Last Updated on June 25, 2019 by Caren
Hidden away in Haldon Forest, just a short hop from the city of Exeter, is an Obelisk that was originally constructed as an aid to sailors navigating up and down the Exe Estuary, but which is now completely obscured by large trees.
Haldon Forest Park
Haldon Forest is an area south of Exeter covering some 3,500 acres and consisting of several different woods. It’s managed by the Forestry Commission which is a non-ministerial government department that’s responsible for forestry across the breadth of England.
The woodland, of which much is coniferous, is the perfect destination for outdoor pursuits with a large selection of cycle and walking trails and some of the tracks are also suitable for horse riding.
Probably the most well known landmark to be found in Haldon Forest is the gleaming white Haldon Tower that can quite literally be seen from miles around whichever direction you happen to approach it from.
On the other hand the little known Haldon/Mamhead Obelisk is tucked away, obscured by the forest that has grown up around it, but can be discovered when taking a leisurely stroll along the Mamhead Trail. The view over the Exe Estuary on a clear day are simply breathtaking. However, even on a cloudy day, as depicted in the photo above, it’s still pretty sensational!
The Obelisk in Haldon Forest Park
The 18th century Obelisk was built as a landmark for shipping passing through the Exe Estuary by Thomas Ball (1671-1749) who was the then owner of Mamhead Park, an ancient estate that was mentioned in the Domesday Book (1086).
Built c.1742 the tapering stone pillar is constructed from finely dressed light grey Portland limestone and is topped with a weathervane that’s shaped in the form of a flaming arrow. Today, the Grade II* listed structure, standing at one hundred feet, has much graffiti carved into the lower section.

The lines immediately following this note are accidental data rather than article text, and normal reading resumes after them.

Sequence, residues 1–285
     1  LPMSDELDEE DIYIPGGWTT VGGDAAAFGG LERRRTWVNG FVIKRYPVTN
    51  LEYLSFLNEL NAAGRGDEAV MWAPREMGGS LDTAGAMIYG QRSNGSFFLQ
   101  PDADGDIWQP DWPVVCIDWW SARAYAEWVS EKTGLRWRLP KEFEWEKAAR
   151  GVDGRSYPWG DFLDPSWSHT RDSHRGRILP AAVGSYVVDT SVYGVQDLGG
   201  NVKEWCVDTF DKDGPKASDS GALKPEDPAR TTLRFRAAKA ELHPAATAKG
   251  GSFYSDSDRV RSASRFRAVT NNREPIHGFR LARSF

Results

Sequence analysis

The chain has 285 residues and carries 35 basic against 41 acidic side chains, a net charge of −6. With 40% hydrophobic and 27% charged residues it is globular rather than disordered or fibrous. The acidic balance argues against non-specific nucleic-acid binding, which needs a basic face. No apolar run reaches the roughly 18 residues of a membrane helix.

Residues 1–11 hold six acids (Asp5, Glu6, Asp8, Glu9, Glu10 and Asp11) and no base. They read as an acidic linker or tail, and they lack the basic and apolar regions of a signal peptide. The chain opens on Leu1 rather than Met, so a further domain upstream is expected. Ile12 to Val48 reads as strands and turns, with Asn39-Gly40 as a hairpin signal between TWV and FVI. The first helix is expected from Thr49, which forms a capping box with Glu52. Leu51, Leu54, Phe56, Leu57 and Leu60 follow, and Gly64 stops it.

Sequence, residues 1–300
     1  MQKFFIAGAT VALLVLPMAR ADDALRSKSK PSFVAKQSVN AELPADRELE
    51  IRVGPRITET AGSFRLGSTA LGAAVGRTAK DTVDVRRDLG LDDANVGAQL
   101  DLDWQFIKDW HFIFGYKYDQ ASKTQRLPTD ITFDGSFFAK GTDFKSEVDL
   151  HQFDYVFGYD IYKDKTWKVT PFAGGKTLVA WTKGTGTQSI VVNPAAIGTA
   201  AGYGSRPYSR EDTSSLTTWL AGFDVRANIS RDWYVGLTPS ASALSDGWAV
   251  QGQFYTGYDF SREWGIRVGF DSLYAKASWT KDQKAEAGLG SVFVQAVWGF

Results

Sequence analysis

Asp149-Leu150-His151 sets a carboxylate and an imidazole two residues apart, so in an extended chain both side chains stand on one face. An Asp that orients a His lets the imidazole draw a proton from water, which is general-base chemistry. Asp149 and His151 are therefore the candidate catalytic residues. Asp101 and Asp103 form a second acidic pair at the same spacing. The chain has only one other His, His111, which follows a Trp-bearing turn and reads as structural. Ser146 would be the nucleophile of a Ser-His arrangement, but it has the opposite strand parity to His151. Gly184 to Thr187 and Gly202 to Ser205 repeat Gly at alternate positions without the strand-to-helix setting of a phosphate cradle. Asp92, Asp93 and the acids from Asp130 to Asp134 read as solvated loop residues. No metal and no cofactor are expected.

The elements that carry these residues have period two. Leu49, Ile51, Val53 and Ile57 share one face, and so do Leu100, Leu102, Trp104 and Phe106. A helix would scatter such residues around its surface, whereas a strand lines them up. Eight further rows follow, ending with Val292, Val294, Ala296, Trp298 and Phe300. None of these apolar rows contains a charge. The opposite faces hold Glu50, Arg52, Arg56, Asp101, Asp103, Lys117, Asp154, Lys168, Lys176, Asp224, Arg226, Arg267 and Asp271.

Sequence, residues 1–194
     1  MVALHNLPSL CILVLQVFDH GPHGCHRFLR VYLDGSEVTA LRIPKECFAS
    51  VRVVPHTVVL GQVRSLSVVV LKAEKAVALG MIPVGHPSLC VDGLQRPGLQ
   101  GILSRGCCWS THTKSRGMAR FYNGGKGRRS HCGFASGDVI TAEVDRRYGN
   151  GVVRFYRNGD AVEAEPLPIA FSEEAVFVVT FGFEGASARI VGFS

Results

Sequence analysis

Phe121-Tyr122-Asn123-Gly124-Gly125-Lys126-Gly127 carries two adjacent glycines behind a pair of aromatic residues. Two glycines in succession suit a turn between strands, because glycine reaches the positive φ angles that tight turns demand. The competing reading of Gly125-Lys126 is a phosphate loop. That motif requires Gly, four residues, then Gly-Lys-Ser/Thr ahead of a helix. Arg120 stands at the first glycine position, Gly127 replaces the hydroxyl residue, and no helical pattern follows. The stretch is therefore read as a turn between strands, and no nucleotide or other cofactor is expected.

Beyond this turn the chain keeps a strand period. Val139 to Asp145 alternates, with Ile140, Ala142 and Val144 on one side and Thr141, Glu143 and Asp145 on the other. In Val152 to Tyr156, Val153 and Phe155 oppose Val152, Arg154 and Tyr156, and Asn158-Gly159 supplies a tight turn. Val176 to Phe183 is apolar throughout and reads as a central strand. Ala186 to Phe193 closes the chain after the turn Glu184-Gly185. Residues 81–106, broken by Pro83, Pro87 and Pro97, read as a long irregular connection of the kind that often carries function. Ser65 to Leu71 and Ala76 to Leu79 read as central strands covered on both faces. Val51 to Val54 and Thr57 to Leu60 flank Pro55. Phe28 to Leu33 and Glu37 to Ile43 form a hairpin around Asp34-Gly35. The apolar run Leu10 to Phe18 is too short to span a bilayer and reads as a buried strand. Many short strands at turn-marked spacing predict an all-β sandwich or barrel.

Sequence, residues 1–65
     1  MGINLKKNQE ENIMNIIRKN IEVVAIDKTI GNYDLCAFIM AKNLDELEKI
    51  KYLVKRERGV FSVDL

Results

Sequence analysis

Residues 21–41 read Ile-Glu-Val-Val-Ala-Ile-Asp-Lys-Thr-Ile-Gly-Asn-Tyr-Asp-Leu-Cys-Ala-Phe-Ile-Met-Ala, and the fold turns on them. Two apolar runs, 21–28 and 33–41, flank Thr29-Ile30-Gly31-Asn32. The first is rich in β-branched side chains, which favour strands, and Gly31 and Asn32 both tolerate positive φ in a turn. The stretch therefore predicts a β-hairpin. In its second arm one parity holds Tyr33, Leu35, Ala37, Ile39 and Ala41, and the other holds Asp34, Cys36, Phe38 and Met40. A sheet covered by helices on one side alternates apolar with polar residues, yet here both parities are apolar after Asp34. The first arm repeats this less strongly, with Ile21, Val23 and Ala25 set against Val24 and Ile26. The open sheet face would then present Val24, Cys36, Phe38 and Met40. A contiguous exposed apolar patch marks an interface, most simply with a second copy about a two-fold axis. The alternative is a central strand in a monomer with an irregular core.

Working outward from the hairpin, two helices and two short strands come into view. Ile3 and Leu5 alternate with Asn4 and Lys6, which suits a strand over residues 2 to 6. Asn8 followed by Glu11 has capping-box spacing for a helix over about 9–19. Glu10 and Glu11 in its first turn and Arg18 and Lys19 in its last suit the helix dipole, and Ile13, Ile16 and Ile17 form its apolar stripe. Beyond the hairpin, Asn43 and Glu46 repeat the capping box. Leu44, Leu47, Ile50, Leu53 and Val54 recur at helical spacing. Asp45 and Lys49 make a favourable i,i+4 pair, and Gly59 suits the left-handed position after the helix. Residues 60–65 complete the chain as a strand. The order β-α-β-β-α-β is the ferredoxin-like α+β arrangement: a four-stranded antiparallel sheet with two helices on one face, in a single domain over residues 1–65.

The Mamhead Trail
This trail really is a hidden gem and has its own free car park located five miles from the principal one (where there are toilets,a cafe and a visitor centre). It’s of the few walks within the Haldon Forest complex where cyclists are not permitted making it ideal for families with young children and dog walkers.
The flat paths are perfect for all terrain buggies and/or wheelchairs with a number of benches and tables dotted along the way suitable for short breaks or an al fresco picnic. The piece de resistance has to be the stunning views onto the Exe Estuary and the nearby Mamhead Obelisk.
POWDERHAM CASTLE – A fortified Manor House with remnants of the building dating back to the latter part of 14th century. The property is home to the Earl and Countess of Devon. Open from the end of March to November, entrance to the castle is by guided tour only.
DAWLISH – A seaside resort that’s situated by the mouth of Dawlish Water, a small river also known as The Brook. Dawlish is famous for its black swans that were brought over from Western Australia in the 19th century and have become the symbol of the town itself.